It was concerning to note that all 6 participants did not use sun protection nor were they aware of the irreversible possibility of photo damage. This finding raises an important socio-political issue. Trends in South Africa show that people of darker skins displayed particularly resistant attitudes towards skin care in the past [32, 33]. Going to a skin care clinic or a health spa was traditionally regarded as taboo and a waste of scarce financial resources among black people in South Africa. Understandably, this sector of the population in South Africa who have been historically disadvantaged by racial segregation prioritised their survival, giving little focus to other facets of their existence. This study has brought to the fore an important realisation: misperceptions still exist in South Africa about dark skin being free from the risk of sun damage or free radicals. This study has raised awareness of the dire need for particularly educating skin types VI in South Africa about the importance of using sun protection factor.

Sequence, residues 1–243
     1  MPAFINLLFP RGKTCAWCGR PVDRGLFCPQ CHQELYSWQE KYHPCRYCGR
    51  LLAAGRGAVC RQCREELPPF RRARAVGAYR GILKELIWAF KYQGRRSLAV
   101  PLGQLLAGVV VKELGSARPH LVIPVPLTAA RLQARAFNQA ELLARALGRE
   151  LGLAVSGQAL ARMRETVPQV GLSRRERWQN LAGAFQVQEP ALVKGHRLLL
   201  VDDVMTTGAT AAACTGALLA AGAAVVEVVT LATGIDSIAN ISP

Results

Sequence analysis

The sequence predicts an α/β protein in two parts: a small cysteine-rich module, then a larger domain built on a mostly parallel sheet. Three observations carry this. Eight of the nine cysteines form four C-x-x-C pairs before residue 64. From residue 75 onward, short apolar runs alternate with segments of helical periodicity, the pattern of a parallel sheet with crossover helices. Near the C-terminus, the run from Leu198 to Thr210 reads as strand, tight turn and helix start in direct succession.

In conclusion, we found evidence that LED (633nm and 830nm) may be effective in treating melasma in skin type VI. We found evidence of LED 633nm and 830nm light treatment providing the added benefit of reducing visible signs of pre-mature ageing and photo damage.


We are indebted to Dr Chris Ladas for his technical support and the Laser Touch Aesthetic Clinic for the use of its facilities to conduct the study.

Conflicts of Interest

The authors state no conflict of interest.